When Valsalva* is performed with an empty bladder:
- Significant bladder neck descent, defined as descent of at least 25mm.
- Open retrovesical angle.
- Reduced urethral sphincter volume.
Do not forget:
It is mid-urethral mobility, not mobility of the bladder neck, which is most important for continence.
When Valsalva* is performed with a full bladder:
- Urine leakage in b-mode or even with color doppler when the bladder is filled.
*Optimal Valsalva is considered when its duration is at least 6 seconds.
- Dietz H. P. (2011). Pelvic floor ultrasound in incontinence: what’s in it for the surgeon?. International urogynecology journal, 22(9), 1085–1097. https://doi.org/10.1007/s00192-011-1402-7
- Naranjo-Ortiz, C., Shek, K. L., Martin, A. J., & Dietz, H. P. (2016). What is normal bladder neck anatomy?. International urogynecology journal, 27(6), 945–950. https://doi.org/10.1007/s00192-015-2916-1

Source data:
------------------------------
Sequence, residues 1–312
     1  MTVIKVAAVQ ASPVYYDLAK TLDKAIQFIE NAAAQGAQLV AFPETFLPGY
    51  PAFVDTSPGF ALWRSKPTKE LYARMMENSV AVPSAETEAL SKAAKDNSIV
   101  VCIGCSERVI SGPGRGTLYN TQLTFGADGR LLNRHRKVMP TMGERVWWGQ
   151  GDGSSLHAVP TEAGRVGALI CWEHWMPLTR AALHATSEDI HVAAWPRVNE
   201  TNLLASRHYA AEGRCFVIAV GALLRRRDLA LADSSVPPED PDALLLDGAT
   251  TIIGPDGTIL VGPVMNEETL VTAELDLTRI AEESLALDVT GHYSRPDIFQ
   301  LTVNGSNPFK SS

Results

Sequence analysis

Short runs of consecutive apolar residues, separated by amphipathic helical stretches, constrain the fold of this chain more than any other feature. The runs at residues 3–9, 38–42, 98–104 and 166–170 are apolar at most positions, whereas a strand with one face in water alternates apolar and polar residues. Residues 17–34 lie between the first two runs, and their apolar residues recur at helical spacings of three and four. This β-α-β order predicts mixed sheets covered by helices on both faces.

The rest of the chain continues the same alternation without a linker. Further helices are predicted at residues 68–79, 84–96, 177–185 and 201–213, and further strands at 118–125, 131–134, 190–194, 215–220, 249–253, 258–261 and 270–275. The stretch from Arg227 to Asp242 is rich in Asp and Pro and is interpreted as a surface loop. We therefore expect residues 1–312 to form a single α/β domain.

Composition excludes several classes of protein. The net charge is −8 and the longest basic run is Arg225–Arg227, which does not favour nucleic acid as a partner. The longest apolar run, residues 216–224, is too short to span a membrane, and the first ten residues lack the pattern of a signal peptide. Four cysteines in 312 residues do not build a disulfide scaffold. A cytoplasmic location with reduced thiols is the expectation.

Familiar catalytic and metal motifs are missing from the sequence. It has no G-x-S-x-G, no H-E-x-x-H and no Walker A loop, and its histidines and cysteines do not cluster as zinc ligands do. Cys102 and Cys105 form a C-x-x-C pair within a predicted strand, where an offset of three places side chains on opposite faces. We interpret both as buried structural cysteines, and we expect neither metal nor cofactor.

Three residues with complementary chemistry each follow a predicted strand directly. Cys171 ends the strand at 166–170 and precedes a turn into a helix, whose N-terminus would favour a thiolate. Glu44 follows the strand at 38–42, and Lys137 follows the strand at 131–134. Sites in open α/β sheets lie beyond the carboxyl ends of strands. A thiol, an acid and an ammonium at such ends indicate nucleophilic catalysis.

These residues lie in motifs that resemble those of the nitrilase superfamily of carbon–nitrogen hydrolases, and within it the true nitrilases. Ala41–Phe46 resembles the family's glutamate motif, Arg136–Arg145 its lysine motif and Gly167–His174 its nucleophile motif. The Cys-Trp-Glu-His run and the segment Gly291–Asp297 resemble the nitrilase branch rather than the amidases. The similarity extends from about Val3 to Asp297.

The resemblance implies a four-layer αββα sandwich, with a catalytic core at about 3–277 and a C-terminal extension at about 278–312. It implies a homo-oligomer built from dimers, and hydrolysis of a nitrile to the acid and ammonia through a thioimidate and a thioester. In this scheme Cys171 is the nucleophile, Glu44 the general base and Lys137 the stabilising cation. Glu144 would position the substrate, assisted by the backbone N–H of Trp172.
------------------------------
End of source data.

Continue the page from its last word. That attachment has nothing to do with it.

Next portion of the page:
- Dietz H. P. (2019). Ultrasound in the assessment of pelvic organ prolapse. Best practice & research. Clinical obstetrics & gynaecology, 54, 12–30. https://doi.org/10.1016/j.bpobgyn.2018.06.006
- Orejuela, F. J., Shek, K. L., & Dietz, H. P. (2012). The time factor in the assessment of prolapse and levator ballooning. International urogynecology journal, 23(2), 175–178. https://doi.org/10.1007/s00192-011-1533-x